who pays the funeral expenses?

After the death of a loved one, family members often have to handle many immediate expenses, specifically the costs associated with a funeral, before the estate is officially opened and the grant of probate is extracted to access the estate assets.

Indeed, paying the funeral directors expenses is often a worry for executors and families however it need not be where there are sufficient funds in the deceased’s bank account.

Deceased has Liquid Assets

If the deceased left a bank account with sufficient funds to discharge the funeral bill, then upon production of the funeral director’s invoice to the bank, it is the practice of most banks to provide a bank draft payable to the funeral director in satisfaction of the funeral bill, without requiring a grant of representation to have been taken out i.e. this can be done before the grant of representation is taken out.

If a relative has discharged the funeral bill out of their own pocket, the bank will typically release funds directly to the relative who has paid the funeral director on submission of the relevant receipts.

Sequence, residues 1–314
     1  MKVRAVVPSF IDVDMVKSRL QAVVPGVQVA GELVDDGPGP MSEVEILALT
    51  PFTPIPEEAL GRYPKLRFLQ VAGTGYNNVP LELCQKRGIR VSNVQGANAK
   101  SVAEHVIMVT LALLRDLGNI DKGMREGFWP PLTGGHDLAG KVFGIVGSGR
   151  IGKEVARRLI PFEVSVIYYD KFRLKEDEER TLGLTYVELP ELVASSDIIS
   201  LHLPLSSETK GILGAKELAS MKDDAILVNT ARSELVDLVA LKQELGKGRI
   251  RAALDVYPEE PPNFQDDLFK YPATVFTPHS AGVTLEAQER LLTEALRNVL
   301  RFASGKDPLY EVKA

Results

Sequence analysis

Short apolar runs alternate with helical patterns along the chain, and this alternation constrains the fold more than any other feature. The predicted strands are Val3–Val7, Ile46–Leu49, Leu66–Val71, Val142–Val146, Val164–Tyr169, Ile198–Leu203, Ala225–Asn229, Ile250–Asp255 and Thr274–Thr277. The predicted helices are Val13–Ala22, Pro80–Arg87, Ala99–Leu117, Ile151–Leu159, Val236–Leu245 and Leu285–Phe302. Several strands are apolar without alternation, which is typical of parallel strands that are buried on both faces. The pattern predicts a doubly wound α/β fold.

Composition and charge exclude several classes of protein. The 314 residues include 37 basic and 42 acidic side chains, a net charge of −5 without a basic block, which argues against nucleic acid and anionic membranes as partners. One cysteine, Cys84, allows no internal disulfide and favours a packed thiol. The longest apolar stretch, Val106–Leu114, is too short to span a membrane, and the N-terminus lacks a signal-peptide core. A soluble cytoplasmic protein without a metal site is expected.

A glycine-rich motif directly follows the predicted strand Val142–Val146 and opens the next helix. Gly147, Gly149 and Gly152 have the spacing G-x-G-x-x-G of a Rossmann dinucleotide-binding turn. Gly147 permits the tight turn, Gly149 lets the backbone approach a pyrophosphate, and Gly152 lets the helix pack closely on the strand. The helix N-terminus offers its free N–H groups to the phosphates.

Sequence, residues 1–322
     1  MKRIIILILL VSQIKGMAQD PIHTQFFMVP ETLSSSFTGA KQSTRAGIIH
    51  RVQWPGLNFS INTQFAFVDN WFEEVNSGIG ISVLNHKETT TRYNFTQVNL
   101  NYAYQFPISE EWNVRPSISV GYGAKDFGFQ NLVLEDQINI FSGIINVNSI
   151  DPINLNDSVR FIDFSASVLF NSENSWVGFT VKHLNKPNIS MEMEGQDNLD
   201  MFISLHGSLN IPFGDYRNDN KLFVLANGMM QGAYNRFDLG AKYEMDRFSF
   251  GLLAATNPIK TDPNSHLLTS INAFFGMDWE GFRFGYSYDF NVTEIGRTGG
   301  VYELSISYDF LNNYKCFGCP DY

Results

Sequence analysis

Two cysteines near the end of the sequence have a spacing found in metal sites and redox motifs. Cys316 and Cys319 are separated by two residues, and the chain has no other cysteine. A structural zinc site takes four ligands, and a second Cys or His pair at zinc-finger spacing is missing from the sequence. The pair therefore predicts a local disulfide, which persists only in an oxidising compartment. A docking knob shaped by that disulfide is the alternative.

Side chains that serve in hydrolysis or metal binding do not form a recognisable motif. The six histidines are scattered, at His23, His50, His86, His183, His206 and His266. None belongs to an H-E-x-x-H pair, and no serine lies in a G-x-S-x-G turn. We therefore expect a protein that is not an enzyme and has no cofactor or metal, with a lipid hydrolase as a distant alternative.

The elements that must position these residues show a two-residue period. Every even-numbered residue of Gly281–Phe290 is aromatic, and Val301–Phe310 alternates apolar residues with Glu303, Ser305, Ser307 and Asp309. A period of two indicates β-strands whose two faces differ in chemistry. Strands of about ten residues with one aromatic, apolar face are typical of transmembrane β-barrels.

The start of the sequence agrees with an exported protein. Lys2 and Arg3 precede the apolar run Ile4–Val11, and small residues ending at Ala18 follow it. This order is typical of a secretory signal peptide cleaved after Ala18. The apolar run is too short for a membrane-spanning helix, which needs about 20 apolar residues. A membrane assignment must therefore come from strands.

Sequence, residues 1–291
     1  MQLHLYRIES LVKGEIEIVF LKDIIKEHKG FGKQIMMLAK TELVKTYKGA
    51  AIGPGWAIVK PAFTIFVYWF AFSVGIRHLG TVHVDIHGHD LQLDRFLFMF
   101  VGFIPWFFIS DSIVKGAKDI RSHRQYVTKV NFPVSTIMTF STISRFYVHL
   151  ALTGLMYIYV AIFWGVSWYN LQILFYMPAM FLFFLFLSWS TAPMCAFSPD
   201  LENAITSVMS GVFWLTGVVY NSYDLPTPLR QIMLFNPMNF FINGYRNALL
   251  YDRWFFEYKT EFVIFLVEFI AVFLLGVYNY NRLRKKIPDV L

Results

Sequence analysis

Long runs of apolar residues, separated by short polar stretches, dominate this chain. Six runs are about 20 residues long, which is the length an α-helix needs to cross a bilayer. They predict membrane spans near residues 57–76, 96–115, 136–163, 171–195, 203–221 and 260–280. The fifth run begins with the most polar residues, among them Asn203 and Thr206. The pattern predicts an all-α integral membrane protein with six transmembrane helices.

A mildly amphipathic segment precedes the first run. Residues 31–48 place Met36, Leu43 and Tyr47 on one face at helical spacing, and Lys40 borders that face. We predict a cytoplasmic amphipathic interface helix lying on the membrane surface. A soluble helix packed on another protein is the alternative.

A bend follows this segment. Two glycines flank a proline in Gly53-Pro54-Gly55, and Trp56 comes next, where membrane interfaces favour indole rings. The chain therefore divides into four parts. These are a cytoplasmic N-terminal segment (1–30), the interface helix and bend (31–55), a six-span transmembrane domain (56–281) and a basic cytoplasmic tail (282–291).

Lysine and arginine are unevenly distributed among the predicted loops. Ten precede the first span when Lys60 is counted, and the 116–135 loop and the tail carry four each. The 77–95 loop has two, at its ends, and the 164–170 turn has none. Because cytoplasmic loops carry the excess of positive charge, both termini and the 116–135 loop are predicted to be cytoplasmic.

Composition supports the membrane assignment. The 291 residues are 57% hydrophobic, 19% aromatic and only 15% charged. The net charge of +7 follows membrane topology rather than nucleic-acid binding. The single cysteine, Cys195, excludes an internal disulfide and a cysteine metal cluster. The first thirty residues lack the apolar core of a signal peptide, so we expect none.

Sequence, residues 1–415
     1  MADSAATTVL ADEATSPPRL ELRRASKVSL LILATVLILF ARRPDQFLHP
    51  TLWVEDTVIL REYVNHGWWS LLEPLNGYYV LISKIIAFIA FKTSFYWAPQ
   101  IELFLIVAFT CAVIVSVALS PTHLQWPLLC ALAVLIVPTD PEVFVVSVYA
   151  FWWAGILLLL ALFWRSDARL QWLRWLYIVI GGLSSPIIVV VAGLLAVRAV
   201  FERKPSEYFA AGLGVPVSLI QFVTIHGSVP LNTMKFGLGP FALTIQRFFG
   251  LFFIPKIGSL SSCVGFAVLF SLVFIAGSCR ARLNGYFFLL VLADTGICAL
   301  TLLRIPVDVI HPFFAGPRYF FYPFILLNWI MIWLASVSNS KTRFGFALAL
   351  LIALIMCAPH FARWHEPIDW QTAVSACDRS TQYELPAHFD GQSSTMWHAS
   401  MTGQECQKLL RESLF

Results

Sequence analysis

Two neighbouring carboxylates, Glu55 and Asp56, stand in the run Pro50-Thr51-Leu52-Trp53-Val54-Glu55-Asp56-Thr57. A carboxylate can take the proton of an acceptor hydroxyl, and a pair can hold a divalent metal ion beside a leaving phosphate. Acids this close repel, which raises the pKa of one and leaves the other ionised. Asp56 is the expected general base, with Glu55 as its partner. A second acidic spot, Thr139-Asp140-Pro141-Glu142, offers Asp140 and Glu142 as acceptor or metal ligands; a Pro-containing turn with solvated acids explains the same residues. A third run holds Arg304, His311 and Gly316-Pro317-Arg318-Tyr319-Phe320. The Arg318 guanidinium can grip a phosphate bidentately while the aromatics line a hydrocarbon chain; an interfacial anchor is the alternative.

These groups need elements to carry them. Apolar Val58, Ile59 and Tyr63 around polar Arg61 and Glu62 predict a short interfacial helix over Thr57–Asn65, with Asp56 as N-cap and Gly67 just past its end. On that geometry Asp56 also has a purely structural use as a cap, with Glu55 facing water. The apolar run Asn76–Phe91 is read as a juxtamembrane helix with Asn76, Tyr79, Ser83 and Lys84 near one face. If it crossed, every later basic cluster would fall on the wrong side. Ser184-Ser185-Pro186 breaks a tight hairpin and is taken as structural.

The banks and other financial institutions will have a standard form that needs to be completed. In certain instances, the death certificate may be required.

Deceased does not have Liquid Assets

In the event that the deceased does not have liquid assets (ie. Cash in the bank) available to discharge the funeral expenses then it may be the case that they have non-liquid assets.

If this is the case, it should be communicated to the funeral director and he/she should also be provided with the name and address of the legal personal representative(s) in case the funeral director needs to make personal contact with them in relation to the funeral expenses.

Where there are no liquid assets, the legal personal representative can dispose of the non-liquid assets to discharge the expenses arising during the administration of the estate such as the funeral expenses.

further reading 

  1. Why you need a Will!
  2. How long does probate take in Ireland?
  3. DIY Will
  4. Why Married Couples Should Make a Will


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